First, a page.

The Game Awards took place a few weeks ago and as usual, there were some questionable winners and nominations in a number of categories. Today, just before the year comes to a close, we are looking back at some of our favourite games of the year and shining a spotlight on some of the games that didn’t get the love they deserved.
Before we get into my list, I think its important to make note of some of the games I didn’t play this year. You will not see Returnal, Metroid Dread, It Takes Two, or Marvel’s Guardians of the Galaxy here. While I do want to play each of those games and have heard great things, I just haven’t had the time yet. Some of my colleagues have covered some of these games though – Mustafa wrote about Returnal in a previous KitGuru Games, and Dominic did thorough GPU testing with Marvel’s Guardians of the Galaxy. Now with that out of the way, let’s get to the list!
It is easy to forget that Hitman 3 launched this year, as the game came out right at the start of 2021. IO Interactive has refined the Hitman formula and polished it up nicely, with great levels and a feeling of complete freedom to explore and take down targets the way you want to. At this point, Hitman is less of a stealth/action game and more of a puzzle game and it is wonderful. The fact that you can import the levels from the previous two games in the reboot trilogy is a great bonus. If you haven’t tried Hitman 3 yet, it is well worth picking up.
Monster Hunter Rise:
Currently a Switch exclusive, Monster Hunter Rise is a much improved version of classic Monster Hunter. Exploring zones is a much quicker and more pleasant experience thanks to the addition of the Palamute, and outside of that, the hunts themselves are great. It is not as impressive as Monster Hunter World graphically, but it is certainly the best Monster Hunter game available on Switch and soon, it’ll be coming to PC too – something I previously covered in KitGuru Games.
Back 4 Blood:
This is perhaps my most controversial pick for this list. Back 4 Blood has its problems and launched with some horrible balancing in place for its three difficulty levels. The Easy difficulty was a cake walk, while Veteran difficulty suffered a number of bugs causing frustrating difficulty spikes that only got worse the further into the campaign my group got.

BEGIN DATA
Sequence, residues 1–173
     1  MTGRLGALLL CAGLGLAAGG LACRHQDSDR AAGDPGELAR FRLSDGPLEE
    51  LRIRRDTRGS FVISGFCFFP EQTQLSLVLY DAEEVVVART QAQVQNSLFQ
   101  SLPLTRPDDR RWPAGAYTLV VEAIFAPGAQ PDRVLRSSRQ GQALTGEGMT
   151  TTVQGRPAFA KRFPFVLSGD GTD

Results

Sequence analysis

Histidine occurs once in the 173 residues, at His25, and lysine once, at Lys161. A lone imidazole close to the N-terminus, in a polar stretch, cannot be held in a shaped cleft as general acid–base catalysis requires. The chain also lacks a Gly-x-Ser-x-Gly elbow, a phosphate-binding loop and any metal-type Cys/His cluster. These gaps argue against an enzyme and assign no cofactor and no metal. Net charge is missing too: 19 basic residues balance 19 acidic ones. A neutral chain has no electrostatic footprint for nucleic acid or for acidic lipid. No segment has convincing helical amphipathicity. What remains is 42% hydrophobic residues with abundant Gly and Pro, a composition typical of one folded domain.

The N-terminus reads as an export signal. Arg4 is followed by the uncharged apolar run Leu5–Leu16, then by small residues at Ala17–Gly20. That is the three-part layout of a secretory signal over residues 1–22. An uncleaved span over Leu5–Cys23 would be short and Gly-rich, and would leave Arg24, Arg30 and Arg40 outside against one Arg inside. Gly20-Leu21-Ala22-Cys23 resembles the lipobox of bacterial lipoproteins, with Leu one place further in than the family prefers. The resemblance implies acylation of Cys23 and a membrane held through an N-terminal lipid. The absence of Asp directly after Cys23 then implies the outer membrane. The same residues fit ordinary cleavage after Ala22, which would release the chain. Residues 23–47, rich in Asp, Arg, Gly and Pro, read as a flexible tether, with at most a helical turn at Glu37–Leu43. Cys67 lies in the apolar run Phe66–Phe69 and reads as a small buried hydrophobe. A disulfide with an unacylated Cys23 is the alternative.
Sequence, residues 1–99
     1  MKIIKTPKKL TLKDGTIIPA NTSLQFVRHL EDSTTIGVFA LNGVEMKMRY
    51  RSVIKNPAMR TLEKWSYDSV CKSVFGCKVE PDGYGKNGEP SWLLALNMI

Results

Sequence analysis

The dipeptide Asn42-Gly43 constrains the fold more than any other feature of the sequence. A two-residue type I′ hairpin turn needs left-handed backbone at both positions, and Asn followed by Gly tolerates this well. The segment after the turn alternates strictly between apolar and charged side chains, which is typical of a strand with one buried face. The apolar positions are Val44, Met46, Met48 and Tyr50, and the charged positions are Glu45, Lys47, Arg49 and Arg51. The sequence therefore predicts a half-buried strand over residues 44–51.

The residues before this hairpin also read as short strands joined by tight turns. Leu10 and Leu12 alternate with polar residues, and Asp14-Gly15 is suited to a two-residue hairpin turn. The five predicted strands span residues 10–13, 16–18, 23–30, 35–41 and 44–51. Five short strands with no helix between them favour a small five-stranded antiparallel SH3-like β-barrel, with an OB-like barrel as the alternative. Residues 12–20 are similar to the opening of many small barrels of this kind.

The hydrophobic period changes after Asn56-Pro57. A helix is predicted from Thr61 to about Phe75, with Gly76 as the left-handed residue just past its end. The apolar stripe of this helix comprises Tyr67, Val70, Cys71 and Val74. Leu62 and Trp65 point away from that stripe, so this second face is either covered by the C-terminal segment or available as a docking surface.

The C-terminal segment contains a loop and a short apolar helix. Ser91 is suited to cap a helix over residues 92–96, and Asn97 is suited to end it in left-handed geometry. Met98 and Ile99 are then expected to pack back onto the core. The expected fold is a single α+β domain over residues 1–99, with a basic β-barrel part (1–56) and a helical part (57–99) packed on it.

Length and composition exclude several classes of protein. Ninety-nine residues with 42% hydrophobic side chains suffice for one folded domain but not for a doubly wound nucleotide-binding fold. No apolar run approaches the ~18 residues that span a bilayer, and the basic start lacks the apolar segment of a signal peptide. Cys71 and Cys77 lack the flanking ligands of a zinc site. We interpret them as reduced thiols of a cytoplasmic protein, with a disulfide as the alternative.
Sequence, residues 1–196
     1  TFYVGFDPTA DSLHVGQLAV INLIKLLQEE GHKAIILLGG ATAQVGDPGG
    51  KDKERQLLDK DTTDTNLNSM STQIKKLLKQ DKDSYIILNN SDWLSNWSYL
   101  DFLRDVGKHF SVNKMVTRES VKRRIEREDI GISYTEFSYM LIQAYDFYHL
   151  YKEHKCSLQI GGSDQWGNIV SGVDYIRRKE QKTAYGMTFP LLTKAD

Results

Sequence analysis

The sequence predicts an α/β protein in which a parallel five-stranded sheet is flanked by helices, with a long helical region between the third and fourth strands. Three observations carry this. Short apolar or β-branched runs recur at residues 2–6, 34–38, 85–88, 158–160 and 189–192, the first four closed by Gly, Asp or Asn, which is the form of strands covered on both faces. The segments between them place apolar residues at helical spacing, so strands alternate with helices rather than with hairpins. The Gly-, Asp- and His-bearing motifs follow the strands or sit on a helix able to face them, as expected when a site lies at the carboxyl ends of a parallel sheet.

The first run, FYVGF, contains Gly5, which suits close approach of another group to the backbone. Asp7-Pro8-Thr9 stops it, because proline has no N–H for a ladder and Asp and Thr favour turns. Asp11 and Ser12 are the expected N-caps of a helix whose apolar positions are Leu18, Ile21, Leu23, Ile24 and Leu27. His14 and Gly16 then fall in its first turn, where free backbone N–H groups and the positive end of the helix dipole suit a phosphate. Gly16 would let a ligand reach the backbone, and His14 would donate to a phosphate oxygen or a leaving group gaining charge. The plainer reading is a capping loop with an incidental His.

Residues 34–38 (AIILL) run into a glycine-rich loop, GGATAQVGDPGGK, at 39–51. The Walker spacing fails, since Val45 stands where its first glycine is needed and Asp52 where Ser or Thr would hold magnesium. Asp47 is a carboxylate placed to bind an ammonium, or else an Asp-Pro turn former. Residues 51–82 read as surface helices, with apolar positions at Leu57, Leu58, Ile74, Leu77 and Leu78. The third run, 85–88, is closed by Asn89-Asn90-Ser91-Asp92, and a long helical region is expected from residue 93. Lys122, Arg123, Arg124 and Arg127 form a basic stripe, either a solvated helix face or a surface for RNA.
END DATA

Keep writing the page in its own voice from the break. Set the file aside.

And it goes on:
A recent patch has cleared a lot of this up though and now, playing through the game on Veteran difficulty is not nearly as frustrating as it once was. The campaign is long too, so unless you are a god-tier Left 4 Dead player, you should get a lot of hours out of this game. I’ve sunk roughly 50 in so far and will be coming back for more once the first expansions land in 2022.
Resident Evil Village:
Over the last couple of years, me and a group of friends have been playing through the Resident Evil Remakes using virtual couch co-op. We all group up on Discord and use Parsec to stream the game via whichever friend has the best internet connection and at any time, we can pass the controls over to someone in the group. We used this method for Resident Evil Village as well and it was a ton of fun.
Resident Evil 7 held up the suspense and tension better from start to finish, while Village essentially turns into an action game towards the end. Still, it was a great journey and the ending left me looking forward to what’s next. This year, Resident Evil Village was a must-play for me.
Age of Empires IV: